What Famous Authors Said about Ghosts

Ghostology 101aScanning my Ghostology 101: Recommended Reading list, I’m especially intrigued by the entries written by Mary Shelley and Nathaniel Hawthorne. Unfortunately, in her article titled “On Ghosts” (1824), the author of Frankenstein says: “For my own part, I never saw a ghost except once in a dream.” Shelley then goes on to recount ghostly encounters experienced by two people she knew. Perhaps more interesting is her introduction, which discusses of how believing in ghosts felt like a thing of the past in the early 1800s. That’s a point I’ve seen expressed frequently in writing from those decades following the Enlightenment swing toward rational, scientific thinking. Of course, Shelley shows that this feeling might be misleading once she gets to her two ghost stories.

Mary Shelley
Mary Shelley (1797-1851)

The author of another spooky novel, The House of the Seven Gables, claims to have seen a ghost firsthand. Hawthorne’s “The Ghost of Dr. Harris” was written in 1856, but not published until 1900. (He died in 1864.) It’s kind of a lackluster ghost story, but I think that’s the point. Hawthorne says he witnessed the title specter in a library over a span of weeks, possibly months — a sighting that “grew to be so common that at length I regarded the venerable defunct no more than the other old fogies who basked before the fire and dozed over the newspapers.” This calls to mind his introduction to The Scarlet Letter, where Hawthorne writes: “Ghosts might enter here without affrightening us.” I liked that line enough to make it the epigraph of “The Minister’s Unveiling,” the first chronicle in Help for the Haunted: A Decade of Vera Van Slyke Ghostly Mysteries. The ghost in that mystery isn’t especially scary — perhaps unnervingly so!

Nathaniel Hawthorne (1804-1864)

I was curious what other famous authors from the nineteenth and early twentieth centuries had to say about ghosts. My research was hardly painstaking, but I wasn’t able to find anything from Mark Twain on the subject. He did seem to be convinced of the validity of clairvoyance, though, a phenomenon he called “mental telegraphy.” In an article titled with that term, he relates his personal experiences that seem far too coincidental to be mere coincidence.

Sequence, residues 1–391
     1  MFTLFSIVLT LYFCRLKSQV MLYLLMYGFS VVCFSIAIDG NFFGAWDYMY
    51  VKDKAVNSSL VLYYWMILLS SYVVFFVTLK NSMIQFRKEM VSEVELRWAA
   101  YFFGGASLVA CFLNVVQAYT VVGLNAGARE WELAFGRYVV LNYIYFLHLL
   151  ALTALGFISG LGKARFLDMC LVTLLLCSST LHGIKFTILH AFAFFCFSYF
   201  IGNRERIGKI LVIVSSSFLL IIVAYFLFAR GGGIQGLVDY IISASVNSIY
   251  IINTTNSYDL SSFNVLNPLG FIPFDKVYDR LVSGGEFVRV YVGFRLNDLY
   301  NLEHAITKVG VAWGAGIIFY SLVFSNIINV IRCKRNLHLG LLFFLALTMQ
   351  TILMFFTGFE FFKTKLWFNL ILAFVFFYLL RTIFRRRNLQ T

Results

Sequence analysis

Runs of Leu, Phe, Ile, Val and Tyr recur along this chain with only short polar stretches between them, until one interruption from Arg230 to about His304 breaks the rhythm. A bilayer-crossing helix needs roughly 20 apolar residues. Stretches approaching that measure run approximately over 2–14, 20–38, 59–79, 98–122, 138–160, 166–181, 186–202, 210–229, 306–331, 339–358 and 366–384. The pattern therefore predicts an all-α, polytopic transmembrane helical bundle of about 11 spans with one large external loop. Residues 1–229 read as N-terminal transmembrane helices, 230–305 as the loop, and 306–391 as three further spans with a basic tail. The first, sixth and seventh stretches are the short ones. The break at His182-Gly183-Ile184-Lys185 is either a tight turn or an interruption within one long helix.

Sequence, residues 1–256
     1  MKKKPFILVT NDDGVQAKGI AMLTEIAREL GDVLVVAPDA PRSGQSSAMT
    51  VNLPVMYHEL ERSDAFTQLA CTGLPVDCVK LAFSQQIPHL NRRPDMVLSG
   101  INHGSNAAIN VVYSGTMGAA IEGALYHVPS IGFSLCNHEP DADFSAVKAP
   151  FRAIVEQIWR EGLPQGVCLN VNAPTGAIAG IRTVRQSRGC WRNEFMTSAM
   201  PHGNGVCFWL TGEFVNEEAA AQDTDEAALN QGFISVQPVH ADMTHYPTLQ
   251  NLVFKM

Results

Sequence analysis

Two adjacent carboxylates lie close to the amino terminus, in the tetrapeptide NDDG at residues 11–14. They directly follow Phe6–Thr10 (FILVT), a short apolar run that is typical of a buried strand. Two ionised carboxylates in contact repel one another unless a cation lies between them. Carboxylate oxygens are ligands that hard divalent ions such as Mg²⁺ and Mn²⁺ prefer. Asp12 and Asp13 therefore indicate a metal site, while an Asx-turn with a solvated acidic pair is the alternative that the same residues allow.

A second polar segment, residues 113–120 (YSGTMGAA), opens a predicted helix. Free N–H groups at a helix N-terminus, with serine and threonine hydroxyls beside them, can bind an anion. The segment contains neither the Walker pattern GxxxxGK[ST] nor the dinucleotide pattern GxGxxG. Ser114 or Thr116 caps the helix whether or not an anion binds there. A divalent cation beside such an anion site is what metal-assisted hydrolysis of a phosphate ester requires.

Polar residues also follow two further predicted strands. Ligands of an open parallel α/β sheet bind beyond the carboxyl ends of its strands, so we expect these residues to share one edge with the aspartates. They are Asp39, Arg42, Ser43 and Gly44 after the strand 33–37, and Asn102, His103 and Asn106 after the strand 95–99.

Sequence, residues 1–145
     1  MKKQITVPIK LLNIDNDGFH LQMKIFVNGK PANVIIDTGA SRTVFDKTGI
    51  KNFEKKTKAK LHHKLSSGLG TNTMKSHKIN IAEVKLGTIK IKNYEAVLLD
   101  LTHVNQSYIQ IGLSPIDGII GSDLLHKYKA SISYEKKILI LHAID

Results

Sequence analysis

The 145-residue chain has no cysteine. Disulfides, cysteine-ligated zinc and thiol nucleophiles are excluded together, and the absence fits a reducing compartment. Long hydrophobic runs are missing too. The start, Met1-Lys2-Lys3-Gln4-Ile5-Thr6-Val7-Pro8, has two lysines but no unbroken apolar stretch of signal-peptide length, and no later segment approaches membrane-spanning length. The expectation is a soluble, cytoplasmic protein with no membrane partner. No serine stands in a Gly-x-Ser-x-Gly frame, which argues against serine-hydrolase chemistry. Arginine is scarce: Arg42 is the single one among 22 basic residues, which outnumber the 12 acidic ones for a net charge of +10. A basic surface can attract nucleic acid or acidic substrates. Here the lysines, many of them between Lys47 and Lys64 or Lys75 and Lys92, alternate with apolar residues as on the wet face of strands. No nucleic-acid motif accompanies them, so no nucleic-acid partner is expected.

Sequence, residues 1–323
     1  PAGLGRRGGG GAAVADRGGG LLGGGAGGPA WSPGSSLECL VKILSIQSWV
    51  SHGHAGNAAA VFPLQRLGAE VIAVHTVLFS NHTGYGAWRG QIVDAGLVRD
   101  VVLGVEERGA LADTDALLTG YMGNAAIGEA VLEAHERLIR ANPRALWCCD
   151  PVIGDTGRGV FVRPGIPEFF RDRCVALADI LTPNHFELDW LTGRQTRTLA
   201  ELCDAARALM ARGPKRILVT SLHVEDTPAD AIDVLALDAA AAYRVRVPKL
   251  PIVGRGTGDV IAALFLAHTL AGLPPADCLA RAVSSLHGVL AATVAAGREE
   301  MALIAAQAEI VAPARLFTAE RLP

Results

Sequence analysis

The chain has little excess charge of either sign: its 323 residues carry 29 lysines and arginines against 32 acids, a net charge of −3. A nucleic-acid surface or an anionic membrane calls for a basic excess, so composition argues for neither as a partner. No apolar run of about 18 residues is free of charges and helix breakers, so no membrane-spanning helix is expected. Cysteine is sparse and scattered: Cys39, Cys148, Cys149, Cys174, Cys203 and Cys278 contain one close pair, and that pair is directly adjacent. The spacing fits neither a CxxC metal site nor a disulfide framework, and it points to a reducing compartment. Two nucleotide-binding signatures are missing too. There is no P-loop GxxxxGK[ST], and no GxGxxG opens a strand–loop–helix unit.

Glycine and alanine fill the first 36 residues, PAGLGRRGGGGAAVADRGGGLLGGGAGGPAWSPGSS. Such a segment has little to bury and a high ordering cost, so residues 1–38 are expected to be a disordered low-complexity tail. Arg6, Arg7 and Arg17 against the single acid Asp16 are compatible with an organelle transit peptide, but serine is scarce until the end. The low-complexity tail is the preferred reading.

Apparently, Stephen Crane wanted to believe. He’s probably best known for his novels Maggie: A Girl of the Streets and The Red Badge of Courage or for his short stories “The Open Boat” and “The Bride Comes to Yellow Sky.” When he died in 1900, he became the subject of an article titled “Stephen Crane’s Last Story.”  There, Robert Barr reveals that he and Crane attempted to “lure back the ghost” of their mutual friend, Harold Frederic (who had died in 1898). They never succeeded, and one is left wondering how seriously they had taken the endeavor.

Hamlin Garland
Hamlin Garland (1860-1940)

Hamlin Garland won the Pulitzer Prize for literature. Main-Travelled Roads (1891) is probably best known today, but he penned several less-remembered books, including a few dealing with Spiritualism and similar subjects. In fact, Garland was among the most literary of his generation’s psychical researchers. He seems a likely suspect to have had something to say about ghosts.

He didn’t say much, though, despite his strong interest in such things. The title of a 1911 New York Times interview shows he approached the field with skepticism: “NO PROOFS OF EXISTENCE OF SPIRITS — HAMLIN GARLAND: Author of ‘The Shadow World,’ Regarded as a Spiritist, Says All Experiments He Has Seen Have Failed. Physical Force Can Explain Them.” Despite this, Garland was a proponent of a theory put forth earlier by Thomson Jay Hudson, who I discussed in a previous post. Hudson argued that what might seem to be a ghost is really a manifestation emanating from a psychic medium, often in clairvoyant accord with someone who knew “the ghost” in life. As such, when asked to comment on ghosts in his Times interview, Garland answers: “In a great many cases in which persons have claimed to see ghosts it has been learned that some one in their families is psychic.” Ghosts aren’t dead people, in other words. They’re a psychic’s perceivable projection of the deceased, a wonder in its own right.

The nineteenth and early-twentieth centuries were vibrant with debate over whether ghosts really existed — and over what exactly accounted for why so many people claimed to witness them. The prominent authors of the period were certainly not immune from sharing and expressing the ghostly theories that surrounded them.


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